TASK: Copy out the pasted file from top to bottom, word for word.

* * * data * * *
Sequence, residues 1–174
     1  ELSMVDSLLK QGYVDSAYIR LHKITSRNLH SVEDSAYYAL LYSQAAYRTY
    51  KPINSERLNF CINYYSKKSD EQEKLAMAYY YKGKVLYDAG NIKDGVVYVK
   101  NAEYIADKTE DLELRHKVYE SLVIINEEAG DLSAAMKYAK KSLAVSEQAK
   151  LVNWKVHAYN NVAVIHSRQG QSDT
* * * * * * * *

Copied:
Sequence, residues 1–174
     1  ELSMVDSLLK QGYVDSAYIR LHKITSRNLH SVEDSAYYAL LYSQAAYRTY
    51  KPINSERLNF CINYYSKKSD EQEKLAMAYY YKGKVLYDAG NIKDGVVYVK
   101  NAEYIADKTE DLELRHKVYE SLVIINEEAG DLSAAMKYAK KSLAVSEQAK
   151  LVNWKVHAYN NVAVIHSRQG QSDT